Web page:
Poison The Parish was produced by the band, spawning two great singles: Stoke the Fire and Let You Down.  Stewart says it was great to finally have that autonomy.  ”I find producers sometimes want to ‘dumb’ things down a bit, take the edge off, to make it more radio friendly.  Take the aggression out.  I get it.  It’s kind of their job but this time we wanted to make the album we wanted to make.”  He says this album is a “sort of throwback” to their old garage days.  “It’s funny the longer you do this, the show loses some of its ‘edge’.  When we started out we had so many heavy thrash ideas.  Then the songs get played on the radio.  At every show, everyone wants to hear those singles.  We’ve made about 20 singles.  But those singles aren’t the heaviest things on the album, you know?  We end up playing the MOR stuff the fans want to hear, takes the edge off the show a little bit.  Funny how that works.”

I remind him that when the band started, they fitted into the ‘alternative’ mould, alongside Alice In Chains, Nirvana, Husker Du, even Danzig.  “Yeah,” he acknowledges, “Shaun’s talked about that.  Alternative radio used to be heavier.  Now more mainstream stuff like Lorde gets classified as that.  We’re poles apart.  But I don’t think Rock will ever go away.  Look at the kids wearing Mötley Crüe and Motorhead T-shirts.  Yeah, first it was fashion, then they’re digging into Spotify, discovering those songs.  They find their way to us.  It comes around, you know?  We’ve weathered a lot of storms.  Seen a lot of bands come and go.  We keep on going – The Little Engine That Could!”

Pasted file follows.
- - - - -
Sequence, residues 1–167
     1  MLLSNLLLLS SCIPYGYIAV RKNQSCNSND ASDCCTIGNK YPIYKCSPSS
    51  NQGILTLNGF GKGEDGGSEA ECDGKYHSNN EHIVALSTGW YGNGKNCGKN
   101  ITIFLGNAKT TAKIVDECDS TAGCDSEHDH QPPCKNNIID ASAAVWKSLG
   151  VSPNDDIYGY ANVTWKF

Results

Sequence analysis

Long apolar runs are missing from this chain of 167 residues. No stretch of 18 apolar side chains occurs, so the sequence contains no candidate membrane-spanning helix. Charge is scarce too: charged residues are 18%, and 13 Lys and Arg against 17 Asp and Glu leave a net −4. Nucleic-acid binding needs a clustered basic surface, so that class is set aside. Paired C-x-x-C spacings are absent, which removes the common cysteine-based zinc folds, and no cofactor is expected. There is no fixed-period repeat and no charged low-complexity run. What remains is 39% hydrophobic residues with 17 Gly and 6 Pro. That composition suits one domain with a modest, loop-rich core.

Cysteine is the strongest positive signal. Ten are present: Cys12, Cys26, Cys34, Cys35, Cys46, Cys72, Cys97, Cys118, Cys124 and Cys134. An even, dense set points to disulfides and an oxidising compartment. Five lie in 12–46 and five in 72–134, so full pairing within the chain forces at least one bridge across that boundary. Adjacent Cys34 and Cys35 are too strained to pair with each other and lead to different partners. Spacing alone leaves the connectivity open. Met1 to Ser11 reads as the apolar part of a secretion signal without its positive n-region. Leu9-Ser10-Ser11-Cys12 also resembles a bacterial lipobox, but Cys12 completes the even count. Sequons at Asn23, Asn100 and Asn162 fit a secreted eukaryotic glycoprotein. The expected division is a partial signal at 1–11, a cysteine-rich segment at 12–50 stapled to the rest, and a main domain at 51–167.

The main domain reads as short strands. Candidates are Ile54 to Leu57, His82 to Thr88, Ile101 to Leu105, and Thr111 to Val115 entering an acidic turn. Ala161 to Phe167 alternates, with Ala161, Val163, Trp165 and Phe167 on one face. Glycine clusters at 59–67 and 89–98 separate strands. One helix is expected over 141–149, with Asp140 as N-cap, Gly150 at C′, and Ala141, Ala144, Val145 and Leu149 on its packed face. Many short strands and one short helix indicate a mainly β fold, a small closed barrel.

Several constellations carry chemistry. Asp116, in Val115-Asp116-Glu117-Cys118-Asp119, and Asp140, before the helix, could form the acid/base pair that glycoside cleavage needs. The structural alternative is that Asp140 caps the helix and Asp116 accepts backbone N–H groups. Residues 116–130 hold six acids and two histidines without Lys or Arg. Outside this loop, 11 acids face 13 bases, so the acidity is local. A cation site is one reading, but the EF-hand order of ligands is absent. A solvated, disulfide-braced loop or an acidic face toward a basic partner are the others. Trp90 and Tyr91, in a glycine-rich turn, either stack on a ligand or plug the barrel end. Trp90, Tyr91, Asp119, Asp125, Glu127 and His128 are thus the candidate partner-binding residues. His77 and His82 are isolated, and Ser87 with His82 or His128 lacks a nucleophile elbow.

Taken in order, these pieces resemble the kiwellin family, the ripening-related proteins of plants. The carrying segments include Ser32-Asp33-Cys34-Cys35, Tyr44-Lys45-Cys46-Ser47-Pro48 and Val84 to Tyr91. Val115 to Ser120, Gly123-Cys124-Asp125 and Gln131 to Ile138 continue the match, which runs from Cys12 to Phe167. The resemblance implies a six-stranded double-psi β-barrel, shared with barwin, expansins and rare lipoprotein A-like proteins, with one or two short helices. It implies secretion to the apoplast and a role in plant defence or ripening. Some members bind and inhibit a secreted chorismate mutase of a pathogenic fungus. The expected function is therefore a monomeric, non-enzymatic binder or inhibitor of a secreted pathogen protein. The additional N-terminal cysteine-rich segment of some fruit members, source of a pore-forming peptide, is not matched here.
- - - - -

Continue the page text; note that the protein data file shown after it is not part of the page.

Resilience is certainly something this band has in spades.  Over many years Seether has watched as a number of their peers lost out to mental illness, some like Kurt Cobain and more recently Chris Cornell and Chester Bennington.

Shaun Morgan lost his brother to suicide almost a decade ago, writing the song Rise Above This, as an ode to his memory.  That later led to the Rise Above Fest, now in its fifth year, is the largest event of its kind in the world.  benefit SAVE (Suicide Awareness Voices of Education), which is one of the leading national not-for-profit organizations dedicated to raising awareness and educating the public about mental health and suicide prevention in order to SAVE lives.  This year’s festival had been extended to two days, to meet demand, and includes bands like Korn. Stone Sour, Skillet and Falling in Reverse, and of course, Seether.  “It’s cool to see how it’s grown over the years and gained so much momentum”.